Zimbabwe News and Internet Radio

Ran Mine rescue mission to stop

By Fungai Lupande

Rescue operations at Ran Mine in Bindura where at least 10 miners were trapped in a disused mine shaft two weeks ago have stopped after the tunnel continued to collapse.

Rescue workers installing a water pump to drain water from the mine shaft at Ran Mine in Bindura (Picture by AFP)
Rescue workers installing a water pump to drain water from the mine shaft at Ran Mine in Bindura (Picture by AFP)

Mines and Mining Development Minister Winston Chitando said Government will soon move in to ensure that all mining activities were undertaken in accordance with the law in a safe manner.

This comes after a number of mine disasters have occurred in the past year because of illegal mining.

Local Government and Public Works Minister July Moyo who visited Ran Mine on Saturday, said search and rescue of the trapped had become difficult and Government will take a relief approach.

“This tragedy was attended by several ministries, including the technical ministry of Mines and Mining Development, engineers, provincial and national civil protection unit,” he said.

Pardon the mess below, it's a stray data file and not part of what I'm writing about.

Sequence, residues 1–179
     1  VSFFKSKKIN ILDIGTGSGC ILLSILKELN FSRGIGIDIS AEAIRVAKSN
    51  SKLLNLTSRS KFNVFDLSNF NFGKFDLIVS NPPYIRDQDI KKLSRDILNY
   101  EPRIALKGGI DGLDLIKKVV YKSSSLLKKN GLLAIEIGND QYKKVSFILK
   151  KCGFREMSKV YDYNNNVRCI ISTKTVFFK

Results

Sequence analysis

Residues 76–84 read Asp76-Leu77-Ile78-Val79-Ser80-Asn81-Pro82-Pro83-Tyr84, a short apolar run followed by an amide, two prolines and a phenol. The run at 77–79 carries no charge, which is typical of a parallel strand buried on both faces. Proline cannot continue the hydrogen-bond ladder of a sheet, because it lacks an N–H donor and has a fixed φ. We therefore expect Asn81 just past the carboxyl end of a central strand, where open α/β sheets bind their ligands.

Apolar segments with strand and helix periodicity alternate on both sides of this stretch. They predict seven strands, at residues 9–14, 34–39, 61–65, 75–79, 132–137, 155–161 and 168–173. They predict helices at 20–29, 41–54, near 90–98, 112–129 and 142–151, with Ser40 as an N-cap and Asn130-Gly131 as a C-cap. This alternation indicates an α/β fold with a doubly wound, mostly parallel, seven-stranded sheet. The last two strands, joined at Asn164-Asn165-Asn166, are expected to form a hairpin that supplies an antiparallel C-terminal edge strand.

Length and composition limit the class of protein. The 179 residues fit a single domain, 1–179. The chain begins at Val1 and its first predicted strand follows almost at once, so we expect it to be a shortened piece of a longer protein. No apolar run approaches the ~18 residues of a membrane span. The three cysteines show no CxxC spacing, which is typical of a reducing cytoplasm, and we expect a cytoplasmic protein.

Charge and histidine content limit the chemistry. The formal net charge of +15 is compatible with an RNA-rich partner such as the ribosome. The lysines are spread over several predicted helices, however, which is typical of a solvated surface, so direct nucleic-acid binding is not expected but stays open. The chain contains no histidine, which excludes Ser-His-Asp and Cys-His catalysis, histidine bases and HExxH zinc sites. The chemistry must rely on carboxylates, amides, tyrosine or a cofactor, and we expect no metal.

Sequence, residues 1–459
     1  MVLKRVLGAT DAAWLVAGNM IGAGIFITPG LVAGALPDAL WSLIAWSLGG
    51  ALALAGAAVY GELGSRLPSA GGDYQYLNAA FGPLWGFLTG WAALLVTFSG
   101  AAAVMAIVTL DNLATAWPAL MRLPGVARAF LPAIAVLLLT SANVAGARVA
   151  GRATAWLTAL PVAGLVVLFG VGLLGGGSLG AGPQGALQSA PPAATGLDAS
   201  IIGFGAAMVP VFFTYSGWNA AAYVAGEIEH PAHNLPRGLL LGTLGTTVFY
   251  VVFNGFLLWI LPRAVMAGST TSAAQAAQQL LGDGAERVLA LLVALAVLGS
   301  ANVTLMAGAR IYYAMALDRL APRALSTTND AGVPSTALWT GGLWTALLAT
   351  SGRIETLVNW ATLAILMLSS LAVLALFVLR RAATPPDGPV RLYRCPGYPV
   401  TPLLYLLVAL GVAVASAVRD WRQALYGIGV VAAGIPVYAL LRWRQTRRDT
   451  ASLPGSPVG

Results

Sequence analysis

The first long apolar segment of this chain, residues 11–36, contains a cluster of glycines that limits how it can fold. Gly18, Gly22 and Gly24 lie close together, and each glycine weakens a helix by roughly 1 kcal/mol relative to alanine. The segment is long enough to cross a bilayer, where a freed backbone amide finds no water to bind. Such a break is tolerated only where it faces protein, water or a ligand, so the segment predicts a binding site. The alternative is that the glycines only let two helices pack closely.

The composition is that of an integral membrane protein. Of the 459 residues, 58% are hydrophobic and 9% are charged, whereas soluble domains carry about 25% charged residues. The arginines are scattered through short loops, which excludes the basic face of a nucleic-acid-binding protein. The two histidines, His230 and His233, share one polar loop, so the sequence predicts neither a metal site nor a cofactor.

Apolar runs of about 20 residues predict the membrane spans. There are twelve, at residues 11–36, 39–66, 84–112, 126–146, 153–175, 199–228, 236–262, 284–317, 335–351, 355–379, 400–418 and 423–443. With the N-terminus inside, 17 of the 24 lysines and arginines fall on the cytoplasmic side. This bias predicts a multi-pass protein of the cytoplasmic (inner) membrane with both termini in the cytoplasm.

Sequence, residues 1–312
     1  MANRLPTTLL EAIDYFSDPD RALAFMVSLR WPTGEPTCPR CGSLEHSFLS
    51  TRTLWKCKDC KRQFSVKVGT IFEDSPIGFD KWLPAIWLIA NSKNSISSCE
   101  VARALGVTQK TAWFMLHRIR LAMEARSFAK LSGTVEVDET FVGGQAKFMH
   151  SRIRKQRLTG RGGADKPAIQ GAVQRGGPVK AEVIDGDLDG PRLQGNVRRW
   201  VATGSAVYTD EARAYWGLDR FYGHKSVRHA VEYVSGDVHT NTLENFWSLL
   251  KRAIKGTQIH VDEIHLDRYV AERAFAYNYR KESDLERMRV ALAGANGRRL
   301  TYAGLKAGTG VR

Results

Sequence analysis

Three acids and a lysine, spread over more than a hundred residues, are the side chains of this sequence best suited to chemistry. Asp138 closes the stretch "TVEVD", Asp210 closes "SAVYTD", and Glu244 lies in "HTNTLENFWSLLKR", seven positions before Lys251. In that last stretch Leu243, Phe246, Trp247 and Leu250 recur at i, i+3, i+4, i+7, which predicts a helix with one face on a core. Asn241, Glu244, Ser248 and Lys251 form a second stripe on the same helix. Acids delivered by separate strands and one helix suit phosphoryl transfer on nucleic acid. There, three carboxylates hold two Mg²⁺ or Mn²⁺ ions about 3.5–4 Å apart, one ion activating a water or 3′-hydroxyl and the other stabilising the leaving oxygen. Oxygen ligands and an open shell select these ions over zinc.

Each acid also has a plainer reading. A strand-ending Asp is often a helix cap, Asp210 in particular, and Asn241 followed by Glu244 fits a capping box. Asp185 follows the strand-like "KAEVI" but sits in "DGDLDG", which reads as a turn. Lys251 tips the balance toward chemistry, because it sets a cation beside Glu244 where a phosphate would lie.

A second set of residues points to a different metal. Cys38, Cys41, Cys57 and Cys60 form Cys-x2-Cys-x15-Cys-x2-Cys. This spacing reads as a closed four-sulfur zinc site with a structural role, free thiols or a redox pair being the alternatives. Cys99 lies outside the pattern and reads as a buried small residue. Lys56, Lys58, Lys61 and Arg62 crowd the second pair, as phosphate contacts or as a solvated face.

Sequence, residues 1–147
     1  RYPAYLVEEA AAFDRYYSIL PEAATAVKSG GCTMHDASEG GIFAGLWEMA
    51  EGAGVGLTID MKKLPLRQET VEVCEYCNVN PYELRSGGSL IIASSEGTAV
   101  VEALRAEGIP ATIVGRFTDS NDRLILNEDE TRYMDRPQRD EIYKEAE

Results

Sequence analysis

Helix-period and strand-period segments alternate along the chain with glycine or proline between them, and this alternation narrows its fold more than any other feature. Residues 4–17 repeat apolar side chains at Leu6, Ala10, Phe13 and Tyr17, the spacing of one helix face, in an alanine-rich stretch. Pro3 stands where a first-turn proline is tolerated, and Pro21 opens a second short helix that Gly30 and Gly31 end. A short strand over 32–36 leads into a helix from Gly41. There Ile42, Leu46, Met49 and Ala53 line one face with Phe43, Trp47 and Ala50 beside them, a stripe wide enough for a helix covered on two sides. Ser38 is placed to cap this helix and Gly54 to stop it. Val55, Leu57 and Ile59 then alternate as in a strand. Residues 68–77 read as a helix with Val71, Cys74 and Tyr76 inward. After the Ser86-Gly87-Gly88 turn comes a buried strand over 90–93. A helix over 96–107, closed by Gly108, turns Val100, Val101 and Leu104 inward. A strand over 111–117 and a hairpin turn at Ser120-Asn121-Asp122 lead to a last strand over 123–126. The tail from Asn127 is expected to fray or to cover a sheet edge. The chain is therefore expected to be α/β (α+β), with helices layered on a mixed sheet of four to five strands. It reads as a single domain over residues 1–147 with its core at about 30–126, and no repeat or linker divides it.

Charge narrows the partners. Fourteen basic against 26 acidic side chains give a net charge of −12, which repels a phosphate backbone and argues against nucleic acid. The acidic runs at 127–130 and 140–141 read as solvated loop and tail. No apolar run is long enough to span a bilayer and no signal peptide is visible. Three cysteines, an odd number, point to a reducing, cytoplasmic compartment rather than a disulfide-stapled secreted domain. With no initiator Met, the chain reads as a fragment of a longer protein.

“Our first mode of operation is to search and rescue. We lost one volunteer and we retrieved one person. The situation has gone worse because of the incessant rains and the ground has become sensitive and it is collapsing.

“Some of the families are here and we might move into the relief situation. We must move into the relief approach which include psycho-social understanding of what has happened and work with the families.”

Chief Government Engineer Michael Munodawafa said rescue operations at the mine had stopped after the tunnel collapsed.

“The area where we pumped out water collapsed and we are trying to find a better way of dealing with the situation due to the instability of the ground,” he said.

“This is an old mine and at the bottom there is a deep void filled with water, in mining we call it an open stope. When the initial collapse happened, that is why water came up instead going down. De-watering of the tunnel released pressure and contributed to the continuous collapse.” The Herald

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